Photo Essay: CET Japan

Photos by Suji Kim, (Emory University) Student Correspondent CET Japan, Summer 2017

A sky view of Kobe, a city only 30-40 minutes away from Osaka Gakuin University, it is a popular place for students to go visit during the weekend. There are very popular places and many delicious restaurants as Chinatown is located here.

 

Pictured is a group of international students having dinner together at Sushi-ro, a kaiten sushi restaurant or in English, conveyor belt sushi. As popular as it is in America, it is just as popular here in Japan. Definitely will miss this when we go back to America!

 

During the same field trip pictured above, our class had the chance to eat together at this buffet style restaurant. The CET program brings not only Japanese and international students together but other international students together as well. Spending two months with each other has formed great friendships.

 

There are many types of wagashi, differentiated by different ingredients and shapes. The one in the picture has a red bean filling and is in the shape of the morning glory flower.

 

During the program, there are several field trips that allow students to engage and learn the Japanese culture. During this field trip, students made wagashi, which are Japanese confections often enjoyed with tea. The sweet taste of the wagashi combined with the bitterness of the Japanese tea results in a very delicious experience.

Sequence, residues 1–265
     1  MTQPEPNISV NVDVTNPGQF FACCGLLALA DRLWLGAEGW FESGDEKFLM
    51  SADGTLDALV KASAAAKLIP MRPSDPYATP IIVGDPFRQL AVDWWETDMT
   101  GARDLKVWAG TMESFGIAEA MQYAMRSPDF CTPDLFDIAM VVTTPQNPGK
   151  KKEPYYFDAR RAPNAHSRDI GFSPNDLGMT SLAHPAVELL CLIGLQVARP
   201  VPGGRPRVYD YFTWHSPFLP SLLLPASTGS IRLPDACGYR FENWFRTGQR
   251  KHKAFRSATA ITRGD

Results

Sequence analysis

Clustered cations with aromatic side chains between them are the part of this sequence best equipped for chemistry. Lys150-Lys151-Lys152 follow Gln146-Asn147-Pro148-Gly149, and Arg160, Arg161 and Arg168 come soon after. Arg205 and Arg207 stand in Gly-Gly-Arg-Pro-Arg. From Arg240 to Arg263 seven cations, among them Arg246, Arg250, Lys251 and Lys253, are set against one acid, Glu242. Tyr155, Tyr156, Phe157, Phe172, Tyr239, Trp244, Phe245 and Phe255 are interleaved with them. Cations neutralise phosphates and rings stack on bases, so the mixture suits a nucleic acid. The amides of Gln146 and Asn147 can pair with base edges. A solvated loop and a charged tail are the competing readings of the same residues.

This is a night view of the Gion Festival, the biggest one in Japan. The duration is for the entire month of July but every year, a parade takes place on few selected days of the month. There are many food stalls where visitors can taste some of the most delicious street foods and snacks.

 

The torii is a traditional Japanese gate that is commonly found at the entrance of or within the Shinto shrine, and this one is a famous one located in the heart of Kyoto. During one’s visit in Japan, one will run into these torii quite often.

 

During the duration of the CET program, the students partake in a project for the duration about a month. Students visit a store of their choice in a local shopping street and present what they’ve learned to the local residents and other Japanese students. It is a great way to practice the language with locals and experience the Osaka-ben first hand!

 

Our housemates all at the Gion Festival! It was a very hot day in Japan but definitely a wonderful first Japanese festival experience. There are many festivals during the summer in Japan, and it is worth going to at least one during one’s stay.